The Gospel of Peace

“Also, having come, he preached the Gospel of peace to you who are far off and peace to you who are near, for through him we have access, both of us in one Spirit, to the Father.”

(Ephesians 2:17-18)

It strikes me as odd that people do not seem to notice that as America moves further and further away from the Christian faith, we have become more violent and more divided than ever. To the Christian, who understands that the Gospel is a Gospel of peace and of reconciliation, the correlation should be obvious. Yet, it does not seem to be. People keep looking for a political solution to our problems; that may, at best, put a bandage on some of the wounds, but it does not get at the heart of the problem, which is sin. That sin separates us from God and from fellow man and if there is a time for the Gospel to be heard, that time is now. So, while I do vote, and commend Christians to do the same, I vote for those who I think will best uphold those Biblical values upon which my life is built, but I am under no delusion in thinking that one politician or another is going to bring a time of revival and overall spiritual wellbeing to our country.

In context, Paul is still addressing the unity that Christ has worked between God and man as well as man and man. It is no longer a matter of being Jew or Gentile or Barbarian; if we are in Christ, we are one person by the work of the Holy Spirit and are presented to God in peace — free from the penalty of sin. Jesus has paid that in full for His elect.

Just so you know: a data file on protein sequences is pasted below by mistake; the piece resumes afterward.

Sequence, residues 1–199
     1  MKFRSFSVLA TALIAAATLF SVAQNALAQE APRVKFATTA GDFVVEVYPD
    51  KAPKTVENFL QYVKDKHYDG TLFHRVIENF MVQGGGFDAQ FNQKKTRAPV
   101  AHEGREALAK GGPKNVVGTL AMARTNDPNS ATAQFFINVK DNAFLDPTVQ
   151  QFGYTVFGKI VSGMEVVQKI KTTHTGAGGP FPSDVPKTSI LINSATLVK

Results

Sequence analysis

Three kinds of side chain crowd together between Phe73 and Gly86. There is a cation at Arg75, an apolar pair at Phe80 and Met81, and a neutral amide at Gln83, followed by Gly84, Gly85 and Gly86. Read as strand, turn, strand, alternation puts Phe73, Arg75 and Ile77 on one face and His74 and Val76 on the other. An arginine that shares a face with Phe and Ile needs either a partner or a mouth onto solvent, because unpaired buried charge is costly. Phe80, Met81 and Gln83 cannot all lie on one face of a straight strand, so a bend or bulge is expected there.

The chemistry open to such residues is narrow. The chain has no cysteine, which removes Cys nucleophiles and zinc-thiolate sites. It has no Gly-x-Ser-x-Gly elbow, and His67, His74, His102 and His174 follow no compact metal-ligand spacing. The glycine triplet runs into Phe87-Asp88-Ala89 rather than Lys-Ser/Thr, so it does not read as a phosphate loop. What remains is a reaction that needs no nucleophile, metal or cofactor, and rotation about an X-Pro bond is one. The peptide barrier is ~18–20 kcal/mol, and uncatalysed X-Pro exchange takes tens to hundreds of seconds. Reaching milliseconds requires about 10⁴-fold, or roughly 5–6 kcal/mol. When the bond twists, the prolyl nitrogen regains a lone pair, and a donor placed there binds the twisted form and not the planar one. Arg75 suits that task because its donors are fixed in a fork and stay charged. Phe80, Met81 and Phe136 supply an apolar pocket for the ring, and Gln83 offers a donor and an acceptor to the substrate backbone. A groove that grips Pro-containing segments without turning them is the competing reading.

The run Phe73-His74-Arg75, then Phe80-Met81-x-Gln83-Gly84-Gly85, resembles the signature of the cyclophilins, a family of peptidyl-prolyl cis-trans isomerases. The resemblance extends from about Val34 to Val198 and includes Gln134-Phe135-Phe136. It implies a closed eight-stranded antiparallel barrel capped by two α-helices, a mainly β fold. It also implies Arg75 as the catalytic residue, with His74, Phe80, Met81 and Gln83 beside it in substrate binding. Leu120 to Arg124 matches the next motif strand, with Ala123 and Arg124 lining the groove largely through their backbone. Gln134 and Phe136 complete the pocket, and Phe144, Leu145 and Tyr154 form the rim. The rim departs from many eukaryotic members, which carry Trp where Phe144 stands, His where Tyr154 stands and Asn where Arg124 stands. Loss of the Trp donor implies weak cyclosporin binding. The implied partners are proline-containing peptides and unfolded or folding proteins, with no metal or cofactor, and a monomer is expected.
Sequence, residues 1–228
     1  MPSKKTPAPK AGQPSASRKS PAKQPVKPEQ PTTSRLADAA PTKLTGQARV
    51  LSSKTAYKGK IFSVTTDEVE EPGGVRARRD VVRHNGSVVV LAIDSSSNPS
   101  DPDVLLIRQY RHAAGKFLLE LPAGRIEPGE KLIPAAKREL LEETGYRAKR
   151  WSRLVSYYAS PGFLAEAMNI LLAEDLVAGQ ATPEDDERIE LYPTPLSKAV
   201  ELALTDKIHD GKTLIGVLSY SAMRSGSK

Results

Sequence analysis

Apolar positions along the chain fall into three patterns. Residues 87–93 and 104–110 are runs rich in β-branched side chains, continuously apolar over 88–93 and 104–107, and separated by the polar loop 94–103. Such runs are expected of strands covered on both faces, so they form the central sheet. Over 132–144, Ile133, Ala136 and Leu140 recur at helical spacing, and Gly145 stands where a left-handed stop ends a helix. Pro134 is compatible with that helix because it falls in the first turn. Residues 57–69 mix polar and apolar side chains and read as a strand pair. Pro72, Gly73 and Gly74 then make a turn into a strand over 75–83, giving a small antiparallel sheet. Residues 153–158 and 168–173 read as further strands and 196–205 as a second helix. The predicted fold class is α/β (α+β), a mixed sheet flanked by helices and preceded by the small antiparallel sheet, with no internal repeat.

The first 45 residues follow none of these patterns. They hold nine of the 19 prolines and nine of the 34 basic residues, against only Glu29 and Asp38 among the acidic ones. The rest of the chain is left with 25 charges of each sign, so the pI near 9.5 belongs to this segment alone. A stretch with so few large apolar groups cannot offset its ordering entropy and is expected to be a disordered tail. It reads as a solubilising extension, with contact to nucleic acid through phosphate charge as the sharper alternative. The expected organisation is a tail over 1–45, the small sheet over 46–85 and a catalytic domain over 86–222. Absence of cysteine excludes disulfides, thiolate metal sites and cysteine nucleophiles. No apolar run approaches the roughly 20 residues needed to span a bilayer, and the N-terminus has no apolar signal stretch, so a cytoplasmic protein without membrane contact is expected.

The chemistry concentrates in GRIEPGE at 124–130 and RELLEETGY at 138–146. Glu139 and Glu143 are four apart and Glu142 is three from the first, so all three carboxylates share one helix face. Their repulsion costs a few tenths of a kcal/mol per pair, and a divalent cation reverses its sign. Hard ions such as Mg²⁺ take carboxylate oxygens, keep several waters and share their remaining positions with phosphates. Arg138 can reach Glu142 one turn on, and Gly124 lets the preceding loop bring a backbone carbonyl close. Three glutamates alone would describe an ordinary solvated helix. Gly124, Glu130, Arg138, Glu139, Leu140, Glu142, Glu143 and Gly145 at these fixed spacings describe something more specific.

So, whether we were far off (the Gentile nations) or near (in Jerusalem or Israel), God has brought us together through this Gospel that brings peace. We must be clear that the primary sense of this peace is peace between man and God. But, when we are at peace with God, joined together as one body with others, then we will find ourselves at peace with one another. The world is to know that we belong to Jesus by the love we have for one another (John 13:34-35). The easiest way to determine whether a person is a true Christian is to observe how they behave toward other true Christians, for if they do not love those who are in the body, they truly do not have God in their heart (1 John 3:10). This, of course, John has said in the same context as making a practice of righteous living. If you want to know whether someone is a true Christian or just a scoundrel using the church for his own ends, this is as good a starting place as any. So, how does it describe you?

Author: preacherwin

A pastor, teacher, and a theologian concerned about the confused state of the church in America and elsewhere...Writing because the Christian should think Biblically.

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